The Company Viticulturist for Greystone and Muddy Water Wines, who is also Chair of the North Canterbury Wine Region Committee, says the season began with a few cold nights “to keep everyone busy frost fighting”, but none were as bad as the previous spring. “Since then, the weather has been warm and often overcast with regular rainfall to keep canopies lush.” Heat, cloud and moisture have all led to increased disease pressure, with powdery mildew models spiking in early December, then dropping before spiking again around 20 December and staying high since, he says. “Lots of leaf plucking and regular spray rounds have been the key to staying on top of disease.”
Flowering conditions in the region were variable, due to cloud and rainfall through this key period, and while early Pinot Noir looks “okay”, later Sauvignon Blanc bunches look “a little variable”. North Canterbury’s 2021 harvest was 26 percent down, and Mike says 2022 crops look average or below average, with those affected by frost last year still experiencing some decreases in yield. Low bunch numbers look to be a key driver in frost affected conditions, “however the bunches that are there have set well, with berry numbers about average”, he says.
“With a smaller number of bunches vines should ripen and attain some good flavour.” Overall bunch size should increase to help offset the reduction in bunch number, and he expects to see an overall increase on last year’s yields.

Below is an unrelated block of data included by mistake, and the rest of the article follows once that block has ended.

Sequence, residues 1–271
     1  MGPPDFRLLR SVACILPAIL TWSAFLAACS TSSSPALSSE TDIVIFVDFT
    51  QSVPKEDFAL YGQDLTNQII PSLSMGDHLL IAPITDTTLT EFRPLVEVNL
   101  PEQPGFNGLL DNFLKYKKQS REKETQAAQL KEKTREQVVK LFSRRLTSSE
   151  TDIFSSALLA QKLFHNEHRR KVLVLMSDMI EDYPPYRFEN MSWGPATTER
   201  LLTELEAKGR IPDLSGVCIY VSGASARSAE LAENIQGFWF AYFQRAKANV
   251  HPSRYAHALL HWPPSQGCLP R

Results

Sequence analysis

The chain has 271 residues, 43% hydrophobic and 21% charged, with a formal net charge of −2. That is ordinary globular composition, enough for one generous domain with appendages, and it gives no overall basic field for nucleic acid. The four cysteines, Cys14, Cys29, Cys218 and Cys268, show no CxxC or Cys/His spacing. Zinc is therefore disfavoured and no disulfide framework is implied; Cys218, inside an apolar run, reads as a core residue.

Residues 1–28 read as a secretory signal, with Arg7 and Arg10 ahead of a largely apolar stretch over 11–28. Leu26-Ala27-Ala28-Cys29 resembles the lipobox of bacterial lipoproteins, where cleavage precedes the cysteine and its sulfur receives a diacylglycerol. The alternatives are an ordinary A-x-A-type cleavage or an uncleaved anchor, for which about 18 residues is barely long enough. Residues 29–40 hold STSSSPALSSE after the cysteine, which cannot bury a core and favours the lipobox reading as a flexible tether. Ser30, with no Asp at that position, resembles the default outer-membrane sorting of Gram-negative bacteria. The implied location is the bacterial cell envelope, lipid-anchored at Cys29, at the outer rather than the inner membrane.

Labour is tracking well for the region, to date. “We only have one main contract labour provider and they are reporting that finding staff isn’t too hard at this stage,” he says. “We aren’t that reliant on RSE workers, with only a few businesses utilising this labour resource, and numbers slowly increasing here also.”
Meanwhile, some of the Pinot Noir looks “exceptional and should provide opportunity for some incredible wines to be made,” he says. “If we can pick up a few more clear, sunny days and the weather stays warm, we should be in for a cracker of a season in North Canterbury.”
“It’s been a pretty dream season to date, and we just need the dream run to continue,” says James Dicey. Speaking on 18 January, the Grape Vision Viticulturist and cofounder of Dicey says bunch weights are looking good, following an “amazing” flowering and fruit set. That pretty picture is true across all the Central Otago subregions. “Everywhere is looking good at the moment, which is unusual. We often have an outlier.”